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Piece of Work Hardcover – September 25, 2006


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Product Details

  • Hardcover: 304 pages
  • Publisher: Grand Central Publishing; First Edition edition (September 25, 2006)
  • Language: English
  • ISBN-10: 044657838X
  • ISBN-13: 978-0446578387
  • Product Dimensions: 8.5 x 5.8 x 1.1 inches
  • Shipping Weight: 11.2 ounces
  • Average Customer Review: 3.3 out of 5 stars  See all reviews (26 customer reviews)
  • Amazon Best Sellers Rank: #4,515,039 in Books (See Top 100 in Books)

Editorial Reviews

From Publishers Weekly

Zigman (Animal Husbandry) visits the popular chick lit landscape of Manhattan public relations, but with a less glamorous twist. The publicist is 36-year-old Julia Einstein, a Connecticut housewife who has been relishing her life as a stay-at-home mom to toddler son Leo. When her husband, Peter, loses his job, Julia is thrust back into the world she left behind. After calling on a savvy and successful friend for advice, Julia ends up at John Glom Public Relations, a "firm that handles desperate has-beens," where she must work with actress Mary Ford, billed as a "client, paying for the right to suck the life out of us." That Julia finds an antidote for Mary's dwindling fame is predictable, but the process generates its share of chuckles. Ford is ceaselessly cruel, but her vulnerability flickers tellingly beneath her veneer of icy disgust. Julia's portrait of motherhood is overly sentimental, and her references to Leo as "The Scoob" are doggedly cute. Julia's swift handling of potential PR disasters make for an amusing read, and the ending is just as happy as can be. (Sept. 25)
Copyright © Reed Business Information, a division of Reed Elsevier Inc. All rights reserved.

From Booklist

When Julie Einstein's husband, Peter, loses his job, she is forced to revive her career as a celebrity publicist, a position she happily walked away from in order to become a full-time mom. She's been away from the game for three years, just long enough to have tumbled from being the go-to whiz kid at an A-list firm to being the clueless gee-whiz kid at a shop handling only B-list has-beens. Julia lands the worst of the bunch in Mary Ford, a cantankerous former screen star whose launch of a malodorous perfume is supposed to revive a career that has been on life support for decades. As difficult as Mary is to manage, Julia's biggest challenges are coping with the separation from her son and jealousy of her stay-at-home husband, whose sudden mastery of domestic duties would indicate that he is channeling the spirits of June Cleaver and Julia Child. Vulnerable yet persistent, Zigman's plucky heroine succeeds through an engaging combination of warmth, wit, and wisdom. Carol Haggas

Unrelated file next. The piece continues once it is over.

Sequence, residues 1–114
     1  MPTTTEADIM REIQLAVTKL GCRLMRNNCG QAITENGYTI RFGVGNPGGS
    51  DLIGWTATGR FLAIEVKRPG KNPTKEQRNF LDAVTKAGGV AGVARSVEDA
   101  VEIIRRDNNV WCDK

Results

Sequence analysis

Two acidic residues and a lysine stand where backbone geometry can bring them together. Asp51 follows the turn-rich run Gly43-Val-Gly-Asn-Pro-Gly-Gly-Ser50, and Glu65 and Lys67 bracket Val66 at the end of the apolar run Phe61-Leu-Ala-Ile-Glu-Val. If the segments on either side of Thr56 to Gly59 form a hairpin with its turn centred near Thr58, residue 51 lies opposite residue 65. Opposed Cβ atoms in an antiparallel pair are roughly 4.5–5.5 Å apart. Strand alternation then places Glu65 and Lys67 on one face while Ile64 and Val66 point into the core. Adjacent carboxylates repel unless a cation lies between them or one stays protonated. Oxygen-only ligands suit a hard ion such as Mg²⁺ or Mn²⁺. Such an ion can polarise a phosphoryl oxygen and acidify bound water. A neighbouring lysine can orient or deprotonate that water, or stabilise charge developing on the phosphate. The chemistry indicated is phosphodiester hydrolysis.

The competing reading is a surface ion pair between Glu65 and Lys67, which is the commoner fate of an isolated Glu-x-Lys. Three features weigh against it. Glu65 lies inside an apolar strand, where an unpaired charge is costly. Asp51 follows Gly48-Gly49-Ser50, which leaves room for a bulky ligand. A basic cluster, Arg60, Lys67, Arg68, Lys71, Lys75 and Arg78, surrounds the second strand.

Copyright © American Library Association. All rights reserved

More About the Author

Laura Zigman grew up in Newton, Massachusetts (where she felt she never quite fit in), and graduated from the University of Massachusetts at Amherst (where she didn't fit in either) and the Radcliffe Publishing Procedures Course (where she finally started to feel like she fit in). She spent ten years working (slaving away) in New York in book publishing where she was a (much-abused under-appreciated) publicist for Times Books, Vintage Books, Turtle Bay Books, Atlantic Monthly Press, and Alfred A. Knopf. After moving to Washington, D.C. (because she was burnt out and didn't know where else to go) and working briefly as a project manager for The Smithsonian Associates (she had a cubicle) and a consultant for Share Our Strength, an anti-poverty non-profit group (she didn't even have a cubicle), she (finally) finished her first novel (that she'd been writing in her 'spare time' for the last five years). (The thinly-disguised autobiographical novel) Animal Husbandry was published in 1998 by The Dial Press and became a national bestseller. It was published in fourteen countries (or more, she's not sure) and in 2001 the film based on the book, 'Someone Like You,' (they changed the title at the last minute because they were afraid people wouldn't 'get' the meaning of the original title -- not that she's complaining or anything) starring Ashley Judd and (excuse her while she drools) Hugh Jackman, was released by Fox 2000. Her second (thinly-disguised autobiographical) novel, Dating Big Bird, also published by The Dial Press, came out in 2000, and her third (thinly disguised autobiographical) novel, Her, published by Knopf (where she once worked ' an exquisite irony), followed in 2002. Her latest (thinly-disguised autobiographical) novel, Piece of Work, to be published by Warner Books on September 25, 2006 (finally, after four long years in between books ' maybe her parents will now leave her alone), is based on her (horrific but entertaining) experiences as a publicist and has been optioned by Tom Hanks' production company, Playtone Pictures, with My Big Fat Greek Wedding's Nia Vardalos (luff her) set to write the screenplay and star in the movie (please God let that happen).